HVAC Variable Speed Pump Curve Control: Part 2
The HVAC engineer or designer has many choices when it comes to the control of variable speed pumps. The traditional differential pressure (DP) transmitter near the farthest or controlling zone is traditional in direct return systems. This is one method that I refer to as “Area Control.” The new kid on the block in pump control is variable frequency drives with integrated quadratic pump control logic. This is sometimes called sensorless control. I refer to this type of control as “curve control.” Let’s explore “curve control” a little more.
HVAC Variable Speed Pumping Control Curves
When engineers and pump manufacturers show a variable speed pump curve, we also like to show a control curve. The control curve is simply a system curve elevated by the expected “control head” or differential pressure (DP) setting. In a previous R. L Deppmann Monday Morning Minutes, I showed the change of control head depending on where the DP sensor is located. Here is the pump curve from that article with the control curve highlighted.
In the last Monday Morning Minute, I blogged about HVAC Variable Speed Pump Control Diversity. When there is a fair amount of diversity, the required flow and head points will vary significantly from the control curve. If the load in a hydronic system rises and drops uniformly in all zones, the required pump head is very close to the control curve.
Bell & Gossett provides pump controllers with Integrated Technologic Sensorless Controls. These controllers sense the KW being used by the motor and adjust the speed of the pump so it rides on the control curve. Let’s look at some numbers for the curve above.
The design is 1000 GPM at 80 feet. The control head is 20 feet and is a constant regardless of where the control valves are operating. That makes the variable head loss in this system 60 feet (total pump head minus control head). The pump affinity laws say that if I have half of the flow rate, I need 1/4 of the pump head. At 500 GPM, the variable pump head is 1/4 of 60 (15 feet). The total pump head will be the variable pump head plus the constant control head or 15 plus 20 is 35 feet. You can see that 500 GPM at 35 feet is on the control curve shown above.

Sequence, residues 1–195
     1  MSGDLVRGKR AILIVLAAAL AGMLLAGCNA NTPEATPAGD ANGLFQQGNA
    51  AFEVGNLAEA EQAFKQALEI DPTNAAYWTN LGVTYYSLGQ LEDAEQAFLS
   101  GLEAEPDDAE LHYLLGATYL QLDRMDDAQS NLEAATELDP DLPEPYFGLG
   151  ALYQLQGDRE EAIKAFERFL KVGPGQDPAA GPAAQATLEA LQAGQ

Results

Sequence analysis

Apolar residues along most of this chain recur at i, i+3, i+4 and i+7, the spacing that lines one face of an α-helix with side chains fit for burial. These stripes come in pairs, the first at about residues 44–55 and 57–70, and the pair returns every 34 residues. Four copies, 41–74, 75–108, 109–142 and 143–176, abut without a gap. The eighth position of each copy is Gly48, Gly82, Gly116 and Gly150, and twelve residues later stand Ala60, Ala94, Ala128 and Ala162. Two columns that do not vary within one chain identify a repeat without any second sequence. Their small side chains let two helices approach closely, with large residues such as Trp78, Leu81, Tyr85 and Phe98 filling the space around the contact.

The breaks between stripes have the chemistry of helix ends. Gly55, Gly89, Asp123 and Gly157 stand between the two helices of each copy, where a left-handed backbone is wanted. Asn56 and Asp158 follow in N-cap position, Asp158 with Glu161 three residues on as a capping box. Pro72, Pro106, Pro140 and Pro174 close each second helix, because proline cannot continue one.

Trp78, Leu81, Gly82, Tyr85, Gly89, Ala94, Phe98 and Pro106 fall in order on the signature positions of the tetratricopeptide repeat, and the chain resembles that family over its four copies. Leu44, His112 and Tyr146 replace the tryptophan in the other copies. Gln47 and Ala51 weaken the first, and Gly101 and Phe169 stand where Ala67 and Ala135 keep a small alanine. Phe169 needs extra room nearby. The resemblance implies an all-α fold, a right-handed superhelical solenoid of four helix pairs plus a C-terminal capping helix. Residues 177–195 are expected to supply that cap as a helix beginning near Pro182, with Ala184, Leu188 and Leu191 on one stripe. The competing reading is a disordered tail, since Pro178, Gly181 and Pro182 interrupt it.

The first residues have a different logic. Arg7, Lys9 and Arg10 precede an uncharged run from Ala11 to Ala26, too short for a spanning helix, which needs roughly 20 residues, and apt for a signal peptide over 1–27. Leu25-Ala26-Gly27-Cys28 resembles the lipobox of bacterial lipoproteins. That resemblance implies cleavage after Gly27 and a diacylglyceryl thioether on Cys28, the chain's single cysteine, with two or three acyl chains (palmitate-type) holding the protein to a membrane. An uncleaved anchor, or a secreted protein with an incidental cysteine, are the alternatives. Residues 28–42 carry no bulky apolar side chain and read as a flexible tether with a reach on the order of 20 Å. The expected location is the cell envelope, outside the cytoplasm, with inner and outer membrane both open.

If every two-way valve is throttling flow to exactly 50% at the same time, we will follow the system curve. At 75% flow rate in every zone, the flow rate will be 750 GPM. We can use the B&G System Syzer to calculate the variable head as 33.75 feet, so the total pump head required is 53.75 feet which is on the system curve.
It is clear from this example that we could use a formula built into the pump controller and we would not need a differential pressure sensor in the system. We need to enter the expected pump control head or minimum head, the pump curve formula, and the KW to speed formula. You may recognize that the building management system could do this but they would spend thousands of dollars in programming time to even get close to all of this curve fitting requirement. This also assumes they completely understand the hydraulics of systems and can calculate the tiny changes in KW along the system curve. By the time you pay for that, you would have been further ahead putting the DP transmitter in knowing it would work.
The Bell & Gossett ITSC Pump Controller is Perfect for Low Diversity Systems.
B&G knows their curves and the KW required at various speeds. In addition, they can spend the programming dollars mentioned above and spread the cost over thousands of pump installations. The prudent use of your client’s capital dollars is to specify the B&G pump of your choice and couple it with a B&G Technologic ITSC pump controller.
Here is a video explaining the operation of the sensorless controller. The video says it is only available on inline pumps, but since the video was produced, B&G has made it available for all types of our pumps including base mounted pumps. You can choose the B&G pump you want and then choose the pump control you want as two separate decisions.
Give your B&G representative’s sales engineer an email, text, or call for more information on using this product for your application. You may also fill out the inquiry card and we’ll have someone contact you quickly.
Next week, in the R. L. Deppmann Monday Morning Minutes we will interrupt the variable speed control series to solve a problem I call, “Unhide the makeup water in your hydronic system design”. The following week we return to our high school variable speed pumping example where there is clearly diversity in the system.
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